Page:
Rattus rattus, or the black rat was a common sight on board the ship. These creatures were able to smuggle their way on board and then move around freely eating food, socks, books and almost anything they could get their teeth into. One passenger even woke in the night to discover a rat eating her toe nails! Rats are excellent climbers, able to swim underwater and survive falling from height, making them very difficult to get rid of once they’ve got on board.
Passenger Allan Gilmour, wrote in his diary on 8 October 1852 about the problem of rats on the ship:
“For this some nights past several of the passengers in our cabin have been annoyed by rats which even at times have come into our beds, & tonight we were awoke by a lady screaming, who being awake saw a rat walking on the partition above her head.”
There are numerous other notings of rats making their way into the bunks:
“We are beginning to see the rats. One came into my cabin the other night as I was going to bed, I jumped onto the berth and waited until Joe came down, then he and one of the stewards had a grand hunt, but the gentleman escaped through a hole. Mrs Fenwick was awakened by one biting her toe nails & Jane Cuming has had a new stocking eaten by another.” – Susan Mary Crompton, 1866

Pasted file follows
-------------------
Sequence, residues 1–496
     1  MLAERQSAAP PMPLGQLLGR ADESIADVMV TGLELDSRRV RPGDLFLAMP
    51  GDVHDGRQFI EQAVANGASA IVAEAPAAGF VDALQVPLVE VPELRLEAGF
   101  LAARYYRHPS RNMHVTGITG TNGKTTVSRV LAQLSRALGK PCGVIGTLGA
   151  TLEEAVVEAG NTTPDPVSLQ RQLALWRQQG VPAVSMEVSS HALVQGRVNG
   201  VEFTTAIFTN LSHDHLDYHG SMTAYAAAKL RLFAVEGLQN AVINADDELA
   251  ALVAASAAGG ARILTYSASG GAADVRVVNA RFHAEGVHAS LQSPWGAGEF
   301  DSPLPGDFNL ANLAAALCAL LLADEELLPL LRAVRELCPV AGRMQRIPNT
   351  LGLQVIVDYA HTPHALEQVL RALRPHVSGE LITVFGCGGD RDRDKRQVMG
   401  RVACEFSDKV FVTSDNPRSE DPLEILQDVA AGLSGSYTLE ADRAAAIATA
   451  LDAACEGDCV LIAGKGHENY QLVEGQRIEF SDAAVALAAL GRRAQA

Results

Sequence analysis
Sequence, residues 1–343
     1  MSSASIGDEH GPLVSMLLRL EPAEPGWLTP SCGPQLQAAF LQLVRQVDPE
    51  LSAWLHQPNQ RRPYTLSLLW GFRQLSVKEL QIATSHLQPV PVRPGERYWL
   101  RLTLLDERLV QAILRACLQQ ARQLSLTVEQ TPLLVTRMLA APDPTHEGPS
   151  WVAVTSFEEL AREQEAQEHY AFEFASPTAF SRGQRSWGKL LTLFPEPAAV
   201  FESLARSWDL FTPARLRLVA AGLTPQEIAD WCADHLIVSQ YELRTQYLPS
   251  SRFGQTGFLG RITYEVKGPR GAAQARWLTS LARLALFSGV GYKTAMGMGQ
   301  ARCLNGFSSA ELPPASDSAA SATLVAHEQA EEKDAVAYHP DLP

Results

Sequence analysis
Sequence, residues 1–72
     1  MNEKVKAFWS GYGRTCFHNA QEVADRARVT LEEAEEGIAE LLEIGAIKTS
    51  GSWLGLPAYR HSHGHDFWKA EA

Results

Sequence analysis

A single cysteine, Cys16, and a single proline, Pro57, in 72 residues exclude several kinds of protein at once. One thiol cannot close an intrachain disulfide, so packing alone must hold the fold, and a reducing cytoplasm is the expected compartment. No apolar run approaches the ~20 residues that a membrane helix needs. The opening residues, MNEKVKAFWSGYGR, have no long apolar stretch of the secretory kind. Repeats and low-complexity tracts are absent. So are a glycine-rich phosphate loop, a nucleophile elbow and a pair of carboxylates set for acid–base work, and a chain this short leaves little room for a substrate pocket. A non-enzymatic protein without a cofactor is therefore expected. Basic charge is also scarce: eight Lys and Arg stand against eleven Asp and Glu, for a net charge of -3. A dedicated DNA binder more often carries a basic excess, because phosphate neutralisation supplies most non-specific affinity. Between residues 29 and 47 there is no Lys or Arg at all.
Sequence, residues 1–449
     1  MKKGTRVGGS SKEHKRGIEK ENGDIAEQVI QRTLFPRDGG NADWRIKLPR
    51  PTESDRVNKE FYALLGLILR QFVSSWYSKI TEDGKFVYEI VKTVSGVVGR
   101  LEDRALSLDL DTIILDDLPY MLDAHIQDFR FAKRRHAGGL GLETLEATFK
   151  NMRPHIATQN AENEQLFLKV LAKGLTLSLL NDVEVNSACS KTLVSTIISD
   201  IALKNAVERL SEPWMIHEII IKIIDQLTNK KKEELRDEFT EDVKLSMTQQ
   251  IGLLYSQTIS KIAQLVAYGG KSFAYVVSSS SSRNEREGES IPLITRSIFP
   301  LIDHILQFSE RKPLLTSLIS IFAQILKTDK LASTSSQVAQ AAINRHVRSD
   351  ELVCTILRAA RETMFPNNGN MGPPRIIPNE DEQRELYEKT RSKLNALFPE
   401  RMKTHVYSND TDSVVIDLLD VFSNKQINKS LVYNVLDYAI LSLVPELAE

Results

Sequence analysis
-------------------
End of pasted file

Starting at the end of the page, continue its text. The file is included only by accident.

“A vile rat ran up my curtains at the head, on to my bed, down my body and into a partition of the next state room. I was just in time to see him. I again awoke the Doctor. We were very nervous having had a visit from these gents before and lost our socks.” – Olcher Fedden
“Poor old Broxie is in a poor way today and has got a swelled face. Then, when she was in bed, in the middle of the night she heard something nibbling and put out her hand and she had got hold of a rat!! – and finished the night walking about the saloon.” – Anna-Maria Georgiana Bright, 1875
Rats were a ship-wide problem, not even the captain was immune! Mary Paul Mulquin wrote in her diary that:
“The Captain tells a droll story of a rat running up his beard (a very bushy article indeed)”.
Rats would be heard moving around the ship and were even sometimes spotted up in the rigging:
“The day before yesterday a rat made his appearance in the rigging, of all places, and a chase commenced. He leaped from one place to another for some moments but at last missed his hold and came too emphatically to the deck, and was killed by the fall.’’ – Anonymous Quaker, 1852
The crew would then try to catch the rats to prevent them from eating the sails or ropes. People went to great lengths to protect themselves and their property from rats, a passenger wrote in their diary “The moment the lights were out, the inhabitants…commenced a capital imitation of a feline [cat] concert”. Sadly, they didn’t ellaborate to reveal whether making the cat noises worked in scaring off the rats!
Explore our collection through images, information and classroom resources
Allan Gilmour’s diary page containing extract about rats – 43 BRSGB1997.020